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January 12, 2022

Will history repeat itself?

By Gordon Powers, Sympatico / MSN Finance

After shredding their yearend statements, it’s easy to see why so many investors are quick to challenge the boring advice of staying the course and continuing to invest regularly. Why bother throwing good money after bad, they ask?

Of course, if they don’t believe that stock markets are ever going to recover, then they’re probably right. But if you feel, as I do, that it’s still possible for market results to again reflect their historical average then you have to keep going.

How long is it going to take? Well, that obviously depends on how much you’ve lost and what you’ve got to work with. Still, it’s nice to have an idea of what it’s going to take to at least get back to where you were before all this started.

For instance, say your $80,000 stock portfolio has shrunk to $59,000 over the past year. If you make no new contributions, it will take roughly six years to recover, assuming an 8% return (the average for stocks going back to 1950) and modest inflation of 2%.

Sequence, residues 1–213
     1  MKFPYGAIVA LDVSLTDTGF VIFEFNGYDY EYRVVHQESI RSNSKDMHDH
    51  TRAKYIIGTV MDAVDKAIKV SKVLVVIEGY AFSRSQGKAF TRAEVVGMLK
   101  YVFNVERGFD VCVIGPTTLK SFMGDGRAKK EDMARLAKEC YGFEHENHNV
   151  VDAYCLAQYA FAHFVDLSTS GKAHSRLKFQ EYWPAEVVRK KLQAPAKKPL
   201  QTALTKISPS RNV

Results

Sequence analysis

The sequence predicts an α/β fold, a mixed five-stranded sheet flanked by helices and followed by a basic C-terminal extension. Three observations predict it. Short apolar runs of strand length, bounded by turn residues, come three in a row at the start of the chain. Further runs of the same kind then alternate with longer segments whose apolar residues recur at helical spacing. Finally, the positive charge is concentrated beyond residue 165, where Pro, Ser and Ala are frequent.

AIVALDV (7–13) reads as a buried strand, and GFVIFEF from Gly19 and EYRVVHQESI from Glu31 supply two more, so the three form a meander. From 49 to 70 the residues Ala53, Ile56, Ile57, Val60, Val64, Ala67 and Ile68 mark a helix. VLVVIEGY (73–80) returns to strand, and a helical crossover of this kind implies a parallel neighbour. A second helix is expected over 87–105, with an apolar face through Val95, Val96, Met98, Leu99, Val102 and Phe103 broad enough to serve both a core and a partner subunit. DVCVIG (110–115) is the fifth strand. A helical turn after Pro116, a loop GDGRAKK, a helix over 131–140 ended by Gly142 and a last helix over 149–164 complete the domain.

Throw in $5,000 a year and you could get there in less than three years. Make it $8,000 and you could catch up in roughly two years. You get the idea.

Will the market deliver an 8% return over your lifetime? I really don’t know. But I think it’s a reasonable bet – at least for some of your money.

Use this tool to create your own view of the future and calculate how long it might take for your own portfolio to return to its peak levels.



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Gordon PowersGordon Powers

A long-time fund company executive, Gordon Powers now heads up the Affinity Group, a financial services consulting firm. Gordon was a personal finance columnist for the Globe & Mail for many years, has taught retirement planning...

James HaversJames Havers

James is the senior editor of MSN Money living in Toronto. He has worked for the Nikkei Shimbun (Tokyo),,, Canadian Business and other publications. Havers turned to journalism after teaching overseas.

Jason BucklandJason Buckland

The modern-day MC Hammer of money, Jason can often be seen spending cash that isn’t his with the efficiency of a Wilt Chamberlain first date. After cutting his teeth as a reporter for the Toronto Sun, he joined the MSN Money team with...